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Access last element after iteration


On 8/07/20 12:45 AM, Chris Angelico wrote:
> On Tue, Jul 7, 2020 at 10:28 PM Frank Millman <frank at chagford.com> wrote:
>>
>> Hi all
>>
>> After iterating over a sequence, the final element is still accessible.
>> In this case, the variable 'i' still references the integer 4.
>>
> 
> Yes, it's guaranteed. It isn't often useful; but the variant where
> there's a "break" in the loop most certainly is. If you hit the break,
> the iteration variable will still have whatever it had at the end.
> 
> This is a great use of 'else' (arguably the primary use of it). You do
> something like:
> 
> for thing in iterable:
>      if want(thing): break
> else:
>      thing = None
> 
> If the iterable is empty, you go to the else. If you don't find the
> thing you want, you go to the else. But if you find it and break,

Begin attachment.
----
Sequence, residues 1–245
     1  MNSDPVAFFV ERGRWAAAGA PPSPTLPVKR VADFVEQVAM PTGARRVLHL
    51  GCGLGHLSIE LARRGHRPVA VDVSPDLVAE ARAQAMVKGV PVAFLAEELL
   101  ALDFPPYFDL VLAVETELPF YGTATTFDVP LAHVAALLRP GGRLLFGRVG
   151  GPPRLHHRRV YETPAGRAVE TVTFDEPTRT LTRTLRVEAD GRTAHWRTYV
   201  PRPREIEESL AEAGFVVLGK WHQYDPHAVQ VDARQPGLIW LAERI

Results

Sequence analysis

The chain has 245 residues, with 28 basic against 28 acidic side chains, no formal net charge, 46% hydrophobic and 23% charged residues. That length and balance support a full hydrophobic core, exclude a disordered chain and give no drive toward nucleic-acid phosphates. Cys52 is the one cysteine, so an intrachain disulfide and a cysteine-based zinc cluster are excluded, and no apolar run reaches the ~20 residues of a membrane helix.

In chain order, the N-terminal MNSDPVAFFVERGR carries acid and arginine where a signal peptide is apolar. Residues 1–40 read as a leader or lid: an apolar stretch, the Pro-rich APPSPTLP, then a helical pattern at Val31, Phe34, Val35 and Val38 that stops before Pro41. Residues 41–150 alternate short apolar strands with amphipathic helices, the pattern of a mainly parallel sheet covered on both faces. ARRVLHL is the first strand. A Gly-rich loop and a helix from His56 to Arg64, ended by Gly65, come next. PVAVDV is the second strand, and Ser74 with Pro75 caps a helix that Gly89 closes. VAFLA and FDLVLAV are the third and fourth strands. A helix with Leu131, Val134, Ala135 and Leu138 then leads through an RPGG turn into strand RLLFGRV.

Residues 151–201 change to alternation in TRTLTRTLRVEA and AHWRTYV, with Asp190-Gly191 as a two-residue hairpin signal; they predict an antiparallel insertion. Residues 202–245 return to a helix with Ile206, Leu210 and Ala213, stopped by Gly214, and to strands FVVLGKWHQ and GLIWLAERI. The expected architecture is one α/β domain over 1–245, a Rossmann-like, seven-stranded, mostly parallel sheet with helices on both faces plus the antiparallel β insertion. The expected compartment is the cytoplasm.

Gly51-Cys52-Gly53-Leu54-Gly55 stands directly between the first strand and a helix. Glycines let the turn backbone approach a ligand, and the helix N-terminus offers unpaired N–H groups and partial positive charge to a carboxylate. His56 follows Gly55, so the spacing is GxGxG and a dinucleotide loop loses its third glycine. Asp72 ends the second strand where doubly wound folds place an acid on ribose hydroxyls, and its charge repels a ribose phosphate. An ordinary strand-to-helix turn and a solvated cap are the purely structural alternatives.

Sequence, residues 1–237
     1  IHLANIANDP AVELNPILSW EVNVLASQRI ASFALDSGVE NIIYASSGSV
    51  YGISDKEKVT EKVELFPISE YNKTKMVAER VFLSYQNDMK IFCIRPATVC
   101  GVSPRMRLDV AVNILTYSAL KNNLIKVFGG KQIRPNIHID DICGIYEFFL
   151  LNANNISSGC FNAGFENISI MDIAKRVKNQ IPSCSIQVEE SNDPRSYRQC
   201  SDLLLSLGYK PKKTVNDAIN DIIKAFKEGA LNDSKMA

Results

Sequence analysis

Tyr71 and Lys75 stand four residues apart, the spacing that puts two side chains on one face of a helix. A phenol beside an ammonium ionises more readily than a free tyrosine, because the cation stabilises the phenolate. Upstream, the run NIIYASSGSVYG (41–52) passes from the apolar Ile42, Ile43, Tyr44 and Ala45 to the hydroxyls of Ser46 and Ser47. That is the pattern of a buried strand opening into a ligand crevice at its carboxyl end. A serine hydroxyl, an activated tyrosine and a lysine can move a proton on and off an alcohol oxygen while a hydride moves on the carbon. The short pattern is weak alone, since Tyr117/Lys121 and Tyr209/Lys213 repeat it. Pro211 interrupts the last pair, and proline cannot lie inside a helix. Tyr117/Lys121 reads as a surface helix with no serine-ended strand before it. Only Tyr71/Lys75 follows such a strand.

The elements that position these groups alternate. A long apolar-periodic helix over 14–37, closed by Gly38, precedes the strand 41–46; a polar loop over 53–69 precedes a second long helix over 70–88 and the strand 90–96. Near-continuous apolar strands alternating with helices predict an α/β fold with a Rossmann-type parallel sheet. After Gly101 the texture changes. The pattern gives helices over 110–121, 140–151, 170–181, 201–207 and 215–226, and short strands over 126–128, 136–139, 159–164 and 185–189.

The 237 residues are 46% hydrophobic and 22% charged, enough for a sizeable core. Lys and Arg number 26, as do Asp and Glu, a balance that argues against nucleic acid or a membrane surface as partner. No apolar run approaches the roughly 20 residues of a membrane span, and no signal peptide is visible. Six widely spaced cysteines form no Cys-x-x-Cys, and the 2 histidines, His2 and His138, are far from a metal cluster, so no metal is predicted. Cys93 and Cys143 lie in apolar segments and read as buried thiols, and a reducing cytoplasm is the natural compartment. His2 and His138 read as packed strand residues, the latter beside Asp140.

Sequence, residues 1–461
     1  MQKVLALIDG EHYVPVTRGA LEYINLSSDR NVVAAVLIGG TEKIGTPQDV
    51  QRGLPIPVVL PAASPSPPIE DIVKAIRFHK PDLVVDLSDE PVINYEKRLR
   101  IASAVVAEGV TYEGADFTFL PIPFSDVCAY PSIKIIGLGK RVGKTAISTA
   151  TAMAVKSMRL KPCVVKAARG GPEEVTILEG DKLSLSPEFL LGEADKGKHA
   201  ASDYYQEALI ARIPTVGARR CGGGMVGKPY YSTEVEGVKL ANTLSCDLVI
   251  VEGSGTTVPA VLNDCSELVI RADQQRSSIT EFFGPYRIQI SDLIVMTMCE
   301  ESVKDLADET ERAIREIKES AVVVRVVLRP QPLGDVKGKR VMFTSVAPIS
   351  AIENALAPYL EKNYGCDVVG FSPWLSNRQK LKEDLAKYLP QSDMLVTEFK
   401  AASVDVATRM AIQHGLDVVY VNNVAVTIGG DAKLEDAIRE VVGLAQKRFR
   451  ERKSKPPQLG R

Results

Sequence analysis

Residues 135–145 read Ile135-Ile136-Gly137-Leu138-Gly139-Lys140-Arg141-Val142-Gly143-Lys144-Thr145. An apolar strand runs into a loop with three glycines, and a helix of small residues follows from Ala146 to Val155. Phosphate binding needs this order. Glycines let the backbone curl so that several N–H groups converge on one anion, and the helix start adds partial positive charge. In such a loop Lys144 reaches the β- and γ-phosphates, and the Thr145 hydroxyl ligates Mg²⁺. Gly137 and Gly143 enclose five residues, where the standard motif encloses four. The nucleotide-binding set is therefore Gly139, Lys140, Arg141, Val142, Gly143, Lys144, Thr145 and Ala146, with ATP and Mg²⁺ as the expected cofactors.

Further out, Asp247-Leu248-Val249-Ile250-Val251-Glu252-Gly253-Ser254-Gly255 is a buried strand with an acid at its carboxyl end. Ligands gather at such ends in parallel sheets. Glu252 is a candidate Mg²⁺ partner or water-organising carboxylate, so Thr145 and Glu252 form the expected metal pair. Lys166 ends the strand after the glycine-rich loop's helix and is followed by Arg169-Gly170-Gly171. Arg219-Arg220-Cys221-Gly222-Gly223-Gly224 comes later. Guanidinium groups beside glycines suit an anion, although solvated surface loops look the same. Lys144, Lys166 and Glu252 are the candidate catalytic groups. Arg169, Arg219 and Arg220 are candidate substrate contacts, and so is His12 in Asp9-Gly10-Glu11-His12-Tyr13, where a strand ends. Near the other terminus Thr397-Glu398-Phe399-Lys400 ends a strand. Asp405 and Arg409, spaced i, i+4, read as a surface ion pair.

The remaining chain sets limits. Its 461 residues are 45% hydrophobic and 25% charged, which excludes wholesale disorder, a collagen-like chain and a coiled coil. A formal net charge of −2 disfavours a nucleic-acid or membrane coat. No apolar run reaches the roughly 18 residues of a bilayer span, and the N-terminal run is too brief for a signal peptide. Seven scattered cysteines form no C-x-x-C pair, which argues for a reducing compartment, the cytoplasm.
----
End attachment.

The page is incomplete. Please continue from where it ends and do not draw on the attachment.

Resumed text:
> thing has the thing you wanted.


It wasn't clear if the OP was interested in the value of the pertinent 
index or that of the indexed element from the iterable/sequence. 
However, the techniques apply - adding enumerate() if the source is a 
collection (for example).

Am impressed to see a constructive use of the else: clause! It is a most 
pythonic construction used in that mode.

OTOH/IMHO, one of the harder philosophical lessons to learn, is that (in 
Python at least) an exception is not necessarily an error - as in 
'catastrophe'! Accordingly, there are many examples where 'success' in 
such a search-pattern might be terminated with raise.

The 'calling routine'/outer-block would then be able to utilise a 
try...except...else...finally structure - arguably both 'richer' and 
better-understood by 'the average pythonista' than for...else/while...else
(per previous discussions 'here')

Your thoughts?


Apologies to OP, if am 'hi-jacking' original post.
-- 
Regards =dn